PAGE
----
Principal Technologist Richard Simpson adjusts an igniter assembly at a lake Sandia built a few years ago to conduct the world’s largest liquefied natural gas fire tests ever done on water. (Photo by Randy Montoya) Technologist Richard Simpson: Helping solve Sandia's unique problems

Principal technologist Richard Simpson at DOE's Sandia National Laboratories has filled a canyon with soap bubbles, shot photos of flaming liquefied natural gas from a helicopter, floated balloons hundreds of feet in the air to calibrate cameras, chopped out pieces of a Cape Canaveral launch pad to haul across the country for tests and hoisted a beer with Paul Tibbets, pilot of the B-29 that dropped the first atomic bomb on Japan in World War II.

He also has been audited for buying such things as party bubble juice on his government procurement card.

“You buy 20 party bubble machines, they kind of wonder why. You buy 50 gallons of party bubble juice, and they really wonder why,” he said.

Richard Simpson has a pretty interesting job.

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Milind Diwan, Brookhaven Lab physicist and LBNE co-spokesperson.Long baseline neutrino experiment moves forward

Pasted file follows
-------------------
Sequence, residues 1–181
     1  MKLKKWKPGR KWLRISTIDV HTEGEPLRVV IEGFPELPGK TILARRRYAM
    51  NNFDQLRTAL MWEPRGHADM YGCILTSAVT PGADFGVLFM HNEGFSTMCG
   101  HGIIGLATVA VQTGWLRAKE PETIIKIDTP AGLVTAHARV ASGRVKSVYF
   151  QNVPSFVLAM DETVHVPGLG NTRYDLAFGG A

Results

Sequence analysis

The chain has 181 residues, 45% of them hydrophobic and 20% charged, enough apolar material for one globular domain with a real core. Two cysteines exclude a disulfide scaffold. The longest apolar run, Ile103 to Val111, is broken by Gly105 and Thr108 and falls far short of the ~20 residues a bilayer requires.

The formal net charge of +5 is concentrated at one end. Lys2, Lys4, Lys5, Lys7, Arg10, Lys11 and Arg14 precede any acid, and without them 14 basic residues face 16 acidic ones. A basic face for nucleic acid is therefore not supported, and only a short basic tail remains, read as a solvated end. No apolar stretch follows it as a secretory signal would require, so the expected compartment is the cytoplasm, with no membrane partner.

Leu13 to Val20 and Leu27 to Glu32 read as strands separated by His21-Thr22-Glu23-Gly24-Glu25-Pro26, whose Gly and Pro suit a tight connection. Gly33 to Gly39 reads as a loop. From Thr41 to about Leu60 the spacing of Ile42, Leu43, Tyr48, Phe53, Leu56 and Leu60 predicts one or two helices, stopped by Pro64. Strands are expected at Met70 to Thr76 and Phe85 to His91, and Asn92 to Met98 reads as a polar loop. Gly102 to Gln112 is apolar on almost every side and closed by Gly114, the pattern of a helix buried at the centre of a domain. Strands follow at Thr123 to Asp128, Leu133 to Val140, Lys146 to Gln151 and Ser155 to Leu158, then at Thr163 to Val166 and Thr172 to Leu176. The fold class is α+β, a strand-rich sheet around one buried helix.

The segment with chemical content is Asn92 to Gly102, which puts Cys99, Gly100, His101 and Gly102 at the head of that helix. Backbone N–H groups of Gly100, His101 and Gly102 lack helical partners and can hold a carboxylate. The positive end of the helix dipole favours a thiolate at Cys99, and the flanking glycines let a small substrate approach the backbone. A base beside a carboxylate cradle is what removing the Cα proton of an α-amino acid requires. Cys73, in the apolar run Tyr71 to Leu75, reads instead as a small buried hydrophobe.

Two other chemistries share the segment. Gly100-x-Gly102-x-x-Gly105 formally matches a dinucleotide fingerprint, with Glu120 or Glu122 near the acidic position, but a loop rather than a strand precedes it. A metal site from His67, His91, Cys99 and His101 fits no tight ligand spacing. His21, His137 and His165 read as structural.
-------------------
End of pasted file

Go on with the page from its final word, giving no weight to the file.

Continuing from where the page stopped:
According to current understanding, the most abundant particle in the universe is the neutral, almost massless, and virtually undetectable neutrino.

In recent years, technological improvements have revealed that neutrinos have tiny masses, and they constantly change (oscillate) their “flavor” (muon, electron, or tau), a property that governs their interactions with all matter. Moreover, the oscillation frequency depends on the mass differences of the three known neutrinos.

A new project is needed to synthesize this new understanding and, perhaps, finally address a central question in particle physics: What happened to all the anti-matter in the universe? If the oscillating behavior of neutrinos is different from anti-neutrinos, it could hint at how the difference between matter and anti-matter arose in the early universe, eventually leading to matter domination.

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See also…

DOE Pulse
  • Number 381  |
  • February 4, 2013
  • Egg-cellent world-record battery performance

    The yolk-shell nanoparticles are made by coating sulfur with a nanoporous layer of hard titanium dioxide, and then using a solvent to dissolve away some of the sulfur while leaving the shell in place. (Credit: Zhi Wei She, Stanford University) Scientists from DOE's SLAC National Accelerator Laboratory and Stanford University  have set a world record for energy storage, using a clever “yolk-shell” design to store five times more energy in the sulfur cathode of a rechargeable lithium-ion battery than is possible with today’s commercial technology. The cathode also maintained a high level of performance after 1,000 charge/discharge cycles, paving the way for new generations of lighter, longer-lasting batteries for use in portable electronics and electric vehicles.